Tomorrow: Rally for Vision Zero Action After Spate of Traffic Violence
A coalition of street safety advocates will hold a rally on the steps of City Hall tomorrow morning at 10 a.m., calling upon city leaders and agencies to step up the action on Vision Zero. The event will also serve as a memorial to victims of traffic violence.
Just in the last two weeks, six people have been killed in traffic crashes in SF and more have been injured, according to Walk SF. The latest death came this morning at about 6:15 a.m., when a 51-year-old woman was killed by a Golden Gate Transit bus driver while jogging in a crosswalk at Lombard Street and Van Ness Avenue. The driver was making a left turn — one of the most common factors causing deadly pedestrian crashes along one of the city’s most dangerous streets.
In total, 26 people have been killed in traffic crashes in SF this year, according to Walk SF.
“Enough is enough!,” the organization wrote in a message to its members today. “San Franciscans spoke loud and clear at the polls to make safety a priority for our streets, voting Yes to Prop A and B, and No to Prop L. Now, the City must not delay efforts to make Vision Zero — the goal to end ALL traffic-related deaths in ten years — a reality.”
The propositions Walk SF referred to were Props A and B, two transportation funding measures, and Prop L, the rejected cars-first measure which attacked pedestrian safety improvements. With all three votes, a majority of San Franciscans indicated that they want quicker action on safer streets.
The coalition gathering at tomorrow’s rally will include the South of Market Community Action Network, the Senior and Disability Action Network, Chinatown Community Development Center, the Central City SRO Collaborative, the SF Bicycle Coalition, Walk SF, and other community groups.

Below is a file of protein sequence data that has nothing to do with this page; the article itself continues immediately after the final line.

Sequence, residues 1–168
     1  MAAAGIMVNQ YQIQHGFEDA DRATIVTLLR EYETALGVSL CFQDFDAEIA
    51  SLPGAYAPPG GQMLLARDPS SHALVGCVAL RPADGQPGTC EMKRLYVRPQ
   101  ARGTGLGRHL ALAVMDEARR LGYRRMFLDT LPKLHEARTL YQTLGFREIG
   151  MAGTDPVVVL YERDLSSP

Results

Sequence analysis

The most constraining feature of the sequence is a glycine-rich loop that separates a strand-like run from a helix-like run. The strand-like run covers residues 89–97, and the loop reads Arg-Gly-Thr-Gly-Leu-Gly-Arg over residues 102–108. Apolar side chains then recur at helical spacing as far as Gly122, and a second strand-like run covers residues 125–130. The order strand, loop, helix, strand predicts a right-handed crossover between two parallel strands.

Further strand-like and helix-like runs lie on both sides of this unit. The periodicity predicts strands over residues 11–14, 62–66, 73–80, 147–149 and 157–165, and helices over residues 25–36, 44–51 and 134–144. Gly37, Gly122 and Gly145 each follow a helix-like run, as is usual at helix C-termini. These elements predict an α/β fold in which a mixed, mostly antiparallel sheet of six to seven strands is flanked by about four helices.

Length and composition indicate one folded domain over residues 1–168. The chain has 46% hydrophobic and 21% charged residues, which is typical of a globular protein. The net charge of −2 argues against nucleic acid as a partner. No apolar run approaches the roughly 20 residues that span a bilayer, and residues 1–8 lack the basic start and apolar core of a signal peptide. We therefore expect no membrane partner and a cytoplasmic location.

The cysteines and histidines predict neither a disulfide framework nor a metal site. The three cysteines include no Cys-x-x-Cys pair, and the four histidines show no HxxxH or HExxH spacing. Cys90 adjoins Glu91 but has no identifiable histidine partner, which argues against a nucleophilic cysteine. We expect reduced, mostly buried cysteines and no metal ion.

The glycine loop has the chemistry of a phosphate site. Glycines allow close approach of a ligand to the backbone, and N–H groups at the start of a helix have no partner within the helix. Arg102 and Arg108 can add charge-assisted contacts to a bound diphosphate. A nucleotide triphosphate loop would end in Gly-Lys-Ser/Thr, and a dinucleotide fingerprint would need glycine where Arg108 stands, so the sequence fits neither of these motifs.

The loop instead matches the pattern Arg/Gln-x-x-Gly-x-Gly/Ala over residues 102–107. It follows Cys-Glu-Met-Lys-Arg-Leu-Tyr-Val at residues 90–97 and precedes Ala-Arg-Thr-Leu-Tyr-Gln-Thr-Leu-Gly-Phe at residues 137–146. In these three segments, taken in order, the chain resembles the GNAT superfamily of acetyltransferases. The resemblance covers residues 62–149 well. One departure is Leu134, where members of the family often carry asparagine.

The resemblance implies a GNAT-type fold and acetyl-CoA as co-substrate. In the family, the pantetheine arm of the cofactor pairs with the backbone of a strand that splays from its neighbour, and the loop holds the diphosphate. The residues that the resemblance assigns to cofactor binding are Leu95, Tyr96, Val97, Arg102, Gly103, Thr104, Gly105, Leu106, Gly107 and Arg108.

Eighteen people have been killed by drivers while walking in SF this year, 14 of whom were walking on the city’s most dangerous streets — the six percent of streets that account for 60 percent of serious and fatal injuries, Walk SF noted.
In addition to the woman killed on Van Ness today, 21-year-old Arman Lester was killed by an SUV driver while skateboarding at Third Street and Cargo Way in Bayview last Saturday night. On October 23, 67-year-old Priscila Moreto was killed by a tour trolley driver in the crosswalk at City Hall’s doorstep, just after a pedestrian safety ceremony was held nearby. On October 20, 87-year-old Louis Van Velzen was killed by a driver on deadly Sloat Boulevard at 43rd Avenue. Tuesday night, 35-year-old Henok Ayele was killed after falling off of a tanker truck he was clinging to on Mason near Turk Street.
Another man recently died from injuries incurred when he was intentionally run over by a driver on Monday. The driver fled after running down Joseph Jeffrey after an argument at Eddy and Larkin Streets, and Jeffrey has since died, according to Walk SF. The fugitive driver is reportedly wanted for felony hit-and-run.
There has also been a recent string of pedestrian injuries, including a driver who injured a pedestrian at Columbus and Green Streets last night. One driver injured an off-duty police officer at Ellis and Leavenworth Streets last Friday, then fled police and crashed. Last Wednesday, a driver left a woman with serious injuries after backing into her while parking at 16th Street and Pond Streets, and was later cited.
In March, Mayor Ed Lee presented a WalkFirst plan for safety fixes at 170 priority intersections over five years. On Walk to Work Day in April, the SFMTA released a list of 24 Vision Zero projects to be implemented over 24 months, though most of the projects were already planned. The SFMTA had completed eight of the projects as of September 23, according to an SFMTA progress report [PDF].
The intersection of Van Ness and Lombard, where today’s death occurred, is not on that priority list of improvements. Deadly Van Ness is set to be made safer when it’s redesigned for Bus Rapid Transit, set to be completed in 2018.
“Fixing these streets requires money, which the city now has with Prop A and B, but it also requires political willpower — the willpower to stand up and put saving lives first!,” Walk SF wrote.